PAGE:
Instead of exposing themselves to the potentially lethal charge of heresy, are these scholars not right in directing the leaders of places like northern Nigeria to something like the "Libyan solution" that does not execute its ghastly penalties?

Two recent studies -- one conducted on behalf of the European Commission and the other by Freedom House -- list horrendous forms of punishment practiced in the northern Nigerian states, even though they clearly violate that country's federal constitution and its international human rights commitments.

They include crucifixion, leaving it unclear whether the delinquent is to be killed beforehand or must die painfully on the cross.

Should Amina Lawal be executed in January 2004, she will be buried in the ground up to her chest in a public place; then the crowd will lob rocks at her, none larger than a fist.

If a woman reports to the police that she had been raped, "this can easily be construed as a confession to unlawful intercourse," writes Dutch Islamic Studies professor Ruud Peters in his report to the EC.


This would make her liable to be stoned to death for adultery, unless she can prove that intercourse took place without her consent."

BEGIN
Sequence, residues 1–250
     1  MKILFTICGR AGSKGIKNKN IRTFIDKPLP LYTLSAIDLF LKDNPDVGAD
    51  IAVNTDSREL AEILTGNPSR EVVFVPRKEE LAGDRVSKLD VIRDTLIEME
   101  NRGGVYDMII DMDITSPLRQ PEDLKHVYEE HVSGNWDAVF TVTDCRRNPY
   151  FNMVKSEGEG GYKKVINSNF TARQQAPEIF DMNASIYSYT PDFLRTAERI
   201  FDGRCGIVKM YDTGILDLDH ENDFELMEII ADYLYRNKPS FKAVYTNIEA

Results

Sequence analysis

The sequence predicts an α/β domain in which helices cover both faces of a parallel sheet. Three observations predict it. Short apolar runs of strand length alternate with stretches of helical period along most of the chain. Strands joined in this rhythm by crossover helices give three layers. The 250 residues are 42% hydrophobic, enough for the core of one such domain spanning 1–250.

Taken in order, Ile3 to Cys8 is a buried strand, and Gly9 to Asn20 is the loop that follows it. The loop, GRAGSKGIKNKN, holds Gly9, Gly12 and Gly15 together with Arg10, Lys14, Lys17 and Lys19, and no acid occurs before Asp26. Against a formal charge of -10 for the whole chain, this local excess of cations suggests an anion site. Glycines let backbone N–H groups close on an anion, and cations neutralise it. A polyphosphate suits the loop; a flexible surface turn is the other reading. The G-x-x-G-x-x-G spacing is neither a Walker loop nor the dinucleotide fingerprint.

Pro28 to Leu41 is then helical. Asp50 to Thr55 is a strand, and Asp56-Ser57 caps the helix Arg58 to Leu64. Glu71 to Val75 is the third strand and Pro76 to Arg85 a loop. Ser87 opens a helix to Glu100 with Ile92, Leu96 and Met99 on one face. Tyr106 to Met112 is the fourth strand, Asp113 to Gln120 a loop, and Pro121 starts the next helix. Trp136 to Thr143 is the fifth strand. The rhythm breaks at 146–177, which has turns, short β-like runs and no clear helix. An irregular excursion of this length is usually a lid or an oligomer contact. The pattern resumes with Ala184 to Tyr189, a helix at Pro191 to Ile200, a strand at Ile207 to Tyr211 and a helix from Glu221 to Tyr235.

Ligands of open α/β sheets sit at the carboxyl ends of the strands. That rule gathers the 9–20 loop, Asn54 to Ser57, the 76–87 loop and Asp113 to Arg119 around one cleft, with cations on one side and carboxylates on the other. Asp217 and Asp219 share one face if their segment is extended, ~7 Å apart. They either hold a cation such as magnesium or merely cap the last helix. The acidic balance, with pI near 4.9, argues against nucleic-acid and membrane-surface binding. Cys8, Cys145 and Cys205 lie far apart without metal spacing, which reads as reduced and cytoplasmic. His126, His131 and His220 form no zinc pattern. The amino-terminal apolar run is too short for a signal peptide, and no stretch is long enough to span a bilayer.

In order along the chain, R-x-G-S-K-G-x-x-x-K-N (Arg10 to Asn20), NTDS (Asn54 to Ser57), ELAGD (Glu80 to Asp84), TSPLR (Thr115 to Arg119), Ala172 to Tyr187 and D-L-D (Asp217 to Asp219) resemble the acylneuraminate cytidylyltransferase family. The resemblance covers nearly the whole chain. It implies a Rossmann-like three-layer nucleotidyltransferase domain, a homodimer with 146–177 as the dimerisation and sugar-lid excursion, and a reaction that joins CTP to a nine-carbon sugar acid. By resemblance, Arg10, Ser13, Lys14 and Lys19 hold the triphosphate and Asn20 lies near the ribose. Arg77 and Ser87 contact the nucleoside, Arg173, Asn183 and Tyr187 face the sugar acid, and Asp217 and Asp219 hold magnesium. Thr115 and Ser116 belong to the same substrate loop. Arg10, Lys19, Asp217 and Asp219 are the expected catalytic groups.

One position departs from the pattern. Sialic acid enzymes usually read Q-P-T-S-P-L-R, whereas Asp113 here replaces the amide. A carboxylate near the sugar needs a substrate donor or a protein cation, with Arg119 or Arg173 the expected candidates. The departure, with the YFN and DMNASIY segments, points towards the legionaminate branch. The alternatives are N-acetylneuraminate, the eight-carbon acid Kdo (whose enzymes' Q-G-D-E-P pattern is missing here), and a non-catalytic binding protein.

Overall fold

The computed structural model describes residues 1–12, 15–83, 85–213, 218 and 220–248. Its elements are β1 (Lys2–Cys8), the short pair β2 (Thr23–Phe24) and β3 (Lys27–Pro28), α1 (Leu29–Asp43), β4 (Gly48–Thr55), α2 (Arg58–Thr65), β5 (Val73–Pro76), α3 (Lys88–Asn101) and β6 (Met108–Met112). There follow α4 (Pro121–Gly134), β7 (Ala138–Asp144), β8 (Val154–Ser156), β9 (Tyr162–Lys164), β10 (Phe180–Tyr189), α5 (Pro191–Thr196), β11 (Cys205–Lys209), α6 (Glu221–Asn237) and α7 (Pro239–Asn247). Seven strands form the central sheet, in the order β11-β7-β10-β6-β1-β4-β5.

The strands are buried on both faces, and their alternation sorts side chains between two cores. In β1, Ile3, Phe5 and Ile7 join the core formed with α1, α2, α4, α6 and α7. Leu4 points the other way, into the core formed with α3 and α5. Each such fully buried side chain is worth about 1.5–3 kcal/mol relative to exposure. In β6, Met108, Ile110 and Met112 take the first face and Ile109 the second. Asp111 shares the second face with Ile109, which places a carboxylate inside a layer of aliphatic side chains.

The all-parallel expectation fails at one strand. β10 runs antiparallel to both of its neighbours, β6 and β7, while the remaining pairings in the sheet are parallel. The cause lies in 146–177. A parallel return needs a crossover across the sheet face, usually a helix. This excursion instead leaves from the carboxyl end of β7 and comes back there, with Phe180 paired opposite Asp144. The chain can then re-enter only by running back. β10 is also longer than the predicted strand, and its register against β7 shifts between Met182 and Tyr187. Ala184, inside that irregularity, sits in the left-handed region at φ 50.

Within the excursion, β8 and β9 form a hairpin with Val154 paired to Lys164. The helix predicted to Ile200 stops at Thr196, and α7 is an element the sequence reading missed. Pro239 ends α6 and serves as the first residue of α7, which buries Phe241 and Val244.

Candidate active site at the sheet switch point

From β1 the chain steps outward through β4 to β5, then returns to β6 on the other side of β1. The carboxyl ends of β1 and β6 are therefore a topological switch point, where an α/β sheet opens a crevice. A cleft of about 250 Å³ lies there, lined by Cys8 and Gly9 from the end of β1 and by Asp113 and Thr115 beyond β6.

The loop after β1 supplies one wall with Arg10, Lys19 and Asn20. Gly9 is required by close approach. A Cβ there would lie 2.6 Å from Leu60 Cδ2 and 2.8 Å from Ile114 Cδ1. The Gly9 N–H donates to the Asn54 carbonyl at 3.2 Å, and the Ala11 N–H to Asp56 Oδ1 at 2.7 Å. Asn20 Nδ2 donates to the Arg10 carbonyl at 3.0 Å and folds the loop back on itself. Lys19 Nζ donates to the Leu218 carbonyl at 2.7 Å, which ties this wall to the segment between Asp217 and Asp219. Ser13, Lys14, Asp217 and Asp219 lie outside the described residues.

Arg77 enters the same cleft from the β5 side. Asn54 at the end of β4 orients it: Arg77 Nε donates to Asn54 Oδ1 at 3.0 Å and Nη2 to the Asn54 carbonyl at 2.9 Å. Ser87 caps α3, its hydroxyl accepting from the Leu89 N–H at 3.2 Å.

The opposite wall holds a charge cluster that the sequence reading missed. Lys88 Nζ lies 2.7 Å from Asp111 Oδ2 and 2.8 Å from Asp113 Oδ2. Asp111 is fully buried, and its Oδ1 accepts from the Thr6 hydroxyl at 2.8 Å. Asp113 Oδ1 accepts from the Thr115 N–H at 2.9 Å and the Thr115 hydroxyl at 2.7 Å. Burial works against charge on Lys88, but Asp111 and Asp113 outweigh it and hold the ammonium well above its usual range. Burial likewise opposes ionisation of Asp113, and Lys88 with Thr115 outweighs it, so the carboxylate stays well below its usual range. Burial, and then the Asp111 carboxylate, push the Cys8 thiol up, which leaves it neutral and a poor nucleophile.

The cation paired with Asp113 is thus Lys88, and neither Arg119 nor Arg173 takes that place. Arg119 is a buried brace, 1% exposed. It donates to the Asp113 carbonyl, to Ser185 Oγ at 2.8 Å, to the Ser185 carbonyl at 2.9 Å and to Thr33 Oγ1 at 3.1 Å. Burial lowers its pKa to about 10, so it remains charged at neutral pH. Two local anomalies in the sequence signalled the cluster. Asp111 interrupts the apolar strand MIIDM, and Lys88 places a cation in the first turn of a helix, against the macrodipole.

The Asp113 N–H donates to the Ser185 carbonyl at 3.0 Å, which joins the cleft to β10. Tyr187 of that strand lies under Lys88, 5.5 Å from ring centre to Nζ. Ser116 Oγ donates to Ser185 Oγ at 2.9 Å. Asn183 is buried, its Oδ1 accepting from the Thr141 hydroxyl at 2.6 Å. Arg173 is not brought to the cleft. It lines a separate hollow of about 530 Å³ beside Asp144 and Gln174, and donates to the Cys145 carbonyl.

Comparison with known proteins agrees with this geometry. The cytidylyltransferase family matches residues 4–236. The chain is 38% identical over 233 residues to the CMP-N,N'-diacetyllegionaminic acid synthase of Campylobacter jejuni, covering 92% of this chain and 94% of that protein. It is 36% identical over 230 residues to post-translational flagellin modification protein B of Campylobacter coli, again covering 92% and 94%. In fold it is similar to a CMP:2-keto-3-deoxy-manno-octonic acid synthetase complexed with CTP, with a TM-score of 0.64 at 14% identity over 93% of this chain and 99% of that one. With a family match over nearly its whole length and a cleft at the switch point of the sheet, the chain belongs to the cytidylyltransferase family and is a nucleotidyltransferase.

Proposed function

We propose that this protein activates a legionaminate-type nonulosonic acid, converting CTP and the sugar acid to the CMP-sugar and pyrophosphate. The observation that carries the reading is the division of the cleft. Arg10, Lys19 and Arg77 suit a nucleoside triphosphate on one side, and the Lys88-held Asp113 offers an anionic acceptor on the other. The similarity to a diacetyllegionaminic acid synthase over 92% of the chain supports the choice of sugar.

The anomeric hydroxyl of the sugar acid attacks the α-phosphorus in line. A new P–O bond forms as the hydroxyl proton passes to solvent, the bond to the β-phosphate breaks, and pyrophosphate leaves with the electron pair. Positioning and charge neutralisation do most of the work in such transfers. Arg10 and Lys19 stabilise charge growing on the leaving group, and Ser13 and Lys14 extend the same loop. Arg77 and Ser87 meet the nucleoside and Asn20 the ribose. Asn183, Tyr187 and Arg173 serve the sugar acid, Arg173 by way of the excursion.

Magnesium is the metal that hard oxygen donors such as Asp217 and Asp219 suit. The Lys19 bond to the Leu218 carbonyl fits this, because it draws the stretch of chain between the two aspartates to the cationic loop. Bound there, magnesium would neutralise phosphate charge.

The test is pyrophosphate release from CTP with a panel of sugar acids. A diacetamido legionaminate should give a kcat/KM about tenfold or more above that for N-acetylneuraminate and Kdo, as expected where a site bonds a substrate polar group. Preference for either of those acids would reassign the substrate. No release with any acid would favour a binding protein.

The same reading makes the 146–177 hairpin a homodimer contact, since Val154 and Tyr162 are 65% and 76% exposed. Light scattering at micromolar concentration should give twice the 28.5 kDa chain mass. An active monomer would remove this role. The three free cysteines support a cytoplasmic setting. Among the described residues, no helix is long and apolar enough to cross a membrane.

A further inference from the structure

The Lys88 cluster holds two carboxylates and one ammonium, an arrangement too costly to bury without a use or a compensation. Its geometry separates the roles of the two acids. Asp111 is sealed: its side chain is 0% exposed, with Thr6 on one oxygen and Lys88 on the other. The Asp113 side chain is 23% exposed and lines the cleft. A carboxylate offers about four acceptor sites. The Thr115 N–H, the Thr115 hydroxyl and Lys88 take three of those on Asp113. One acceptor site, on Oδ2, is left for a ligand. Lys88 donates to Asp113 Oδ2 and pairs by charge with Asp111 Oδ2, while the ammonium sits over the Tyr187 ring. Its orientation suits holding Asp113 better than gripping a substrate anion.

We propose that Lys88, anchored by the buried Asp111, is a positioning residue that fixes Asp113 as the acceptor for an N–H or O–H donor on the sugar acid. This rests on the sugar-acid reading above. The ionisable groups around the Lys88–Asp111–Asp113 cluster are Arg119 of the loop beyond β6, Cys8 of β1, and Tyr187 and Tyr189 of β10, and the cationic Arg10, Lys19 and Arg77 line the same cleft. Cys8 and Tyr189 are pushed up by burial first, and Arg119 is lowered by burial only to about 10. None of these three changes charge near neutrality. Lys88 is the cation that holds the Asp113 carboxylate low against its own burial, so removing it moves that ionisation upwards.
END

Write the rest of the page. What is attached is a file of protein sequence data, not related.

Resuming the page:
"Moreover," Peters continues, "if her attacker does not confess, her accusations against him amount to defamation, for which she can be punished by an additional 80 lashes."

Reading this one wonders why some American commentators and politicians could have got so agitated when one of their own, a teenager, had his bottom spanked for graffiti vandalism four times in a Singapore prison.

Where is, by comparison, the outcry when we hear that in the northern part of Africa's largest country -- a democratic nation -- women get lashed 50 times for riding in the same bus with men, as the Freedom House report reveals? Or if a woman rides in one of the motorcycle taxis that are common in that part of the world?